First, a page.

In 2013, I joined the Five Bridges Wilderness Heritage Trust, because I believed in the goals of the organization and wanted to be part of the volunteers that protect, preserve, conserve and restore the natural habitat, watersheds, and wildlife on public lands. By planning, co-coordinating, and participating in scientific, recreational, and governmental projects.Read more
In 2013, vandalism to the Bayer's Lake Mystery Walls brought together a small group of concerned citizens that wanted more done to protect this historical site so that meaningful research could be conducted. It was concerning that this site had so much historical significance to our community and that without funding, the opportunity to better understand the site would be lost to treasure hunters and explorers.Read more
Your gift provides critical support for my grassroots campaign. There is no way to fully express my gratitude for your contribution to this Fall’s municipal election.Read more
Today at 10am Regional Council, will be open to the public at the City Hall Council Chambers or you can watch the live broadcast online.Read more
The Five Bridges Wilderness Heritage Trust is pleased to dedicate a trail to retired forester Ralph (Big Foot) Weadon.
Representatives from three local organizations spent the day on June 13th exploring the Five Bridge Wilderness Area, looking for a site that could be used to bring emergency medicine to remote and hard-to-reach patients.Read more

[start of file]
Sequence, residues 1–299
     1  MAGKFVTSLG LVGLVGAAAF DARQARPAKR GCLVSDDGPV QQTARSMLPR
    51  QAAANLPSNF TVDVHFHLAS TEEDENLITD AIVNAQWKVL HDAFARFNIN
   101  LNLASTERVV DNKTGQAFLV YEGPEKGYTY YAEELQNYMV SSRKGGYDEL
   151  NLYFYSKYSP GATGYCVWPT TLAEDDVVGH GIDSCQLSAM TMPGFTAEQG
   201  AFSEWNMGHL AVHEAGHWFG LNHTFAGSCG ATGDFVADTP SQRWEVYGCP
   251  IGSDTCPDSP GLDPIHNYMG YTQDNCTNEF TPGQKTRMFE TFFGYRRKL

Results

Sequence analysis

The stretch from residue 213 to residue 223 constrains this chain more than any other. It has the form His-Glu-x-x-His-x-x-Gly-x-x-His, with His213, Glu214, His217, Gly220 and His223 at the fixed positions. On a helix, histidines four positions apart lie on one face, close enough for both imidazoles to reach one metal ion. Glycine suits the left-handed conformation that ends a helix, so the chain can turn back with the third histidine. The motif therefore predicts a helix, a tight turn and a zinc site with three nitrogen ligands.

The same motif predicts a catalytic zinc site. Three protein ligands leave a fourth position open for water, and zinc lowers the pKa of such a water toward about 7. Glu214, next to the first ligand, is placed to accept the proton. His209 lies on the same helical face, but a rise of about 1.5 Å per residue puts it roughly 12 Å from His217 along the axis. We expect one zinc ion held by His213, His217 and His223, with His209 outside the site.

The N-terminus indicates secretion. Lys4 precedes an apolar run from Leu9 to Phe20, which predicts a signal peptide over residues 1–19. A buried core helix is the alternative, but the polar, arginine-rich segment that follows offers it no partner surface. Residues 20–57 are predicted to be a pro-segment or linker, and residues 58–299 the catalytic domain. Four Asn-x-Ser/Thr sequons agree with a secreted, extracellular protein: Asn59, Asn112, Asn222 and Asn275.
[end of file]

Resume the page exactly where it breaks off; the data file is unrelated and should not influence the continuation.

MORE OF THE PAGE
Gardens Day is a coast-to-coast celebration to draw attention to the importance of gardens in our community, and organizers encourage everyone to visit a garden, public or private.Read more
On Tuesday, Regional Council is going to vote on amendments to the A-700 by-law. Once this by-law is voted on, Beekeeping will no longer be outlawed in Halifax.
The Halifax Western Commons with it’s updated trail system will see more hikers, ATV users, and snowmobile users. The opportunity for injury and risk will increase with more people accessing the wilderness areas.Read more
Over the past 10 years, more and more people are visiting remote areas of the western commons wilderness, and community groups are looking to improve the conditions of the existing trail and access into the surrounding trail network. These trail systems are accessed by canoes, bikers, hikers, skiers and/or ATV users. With increased usage, the risk of injury in the region has increased over the years, with an average of 2-3 injuries reported annually where a remote medical rescue was required. The need to improve transport options for the sick and injured has been a topic of increased discussion with paramedics, rescue teams, and community groups in the area.Read more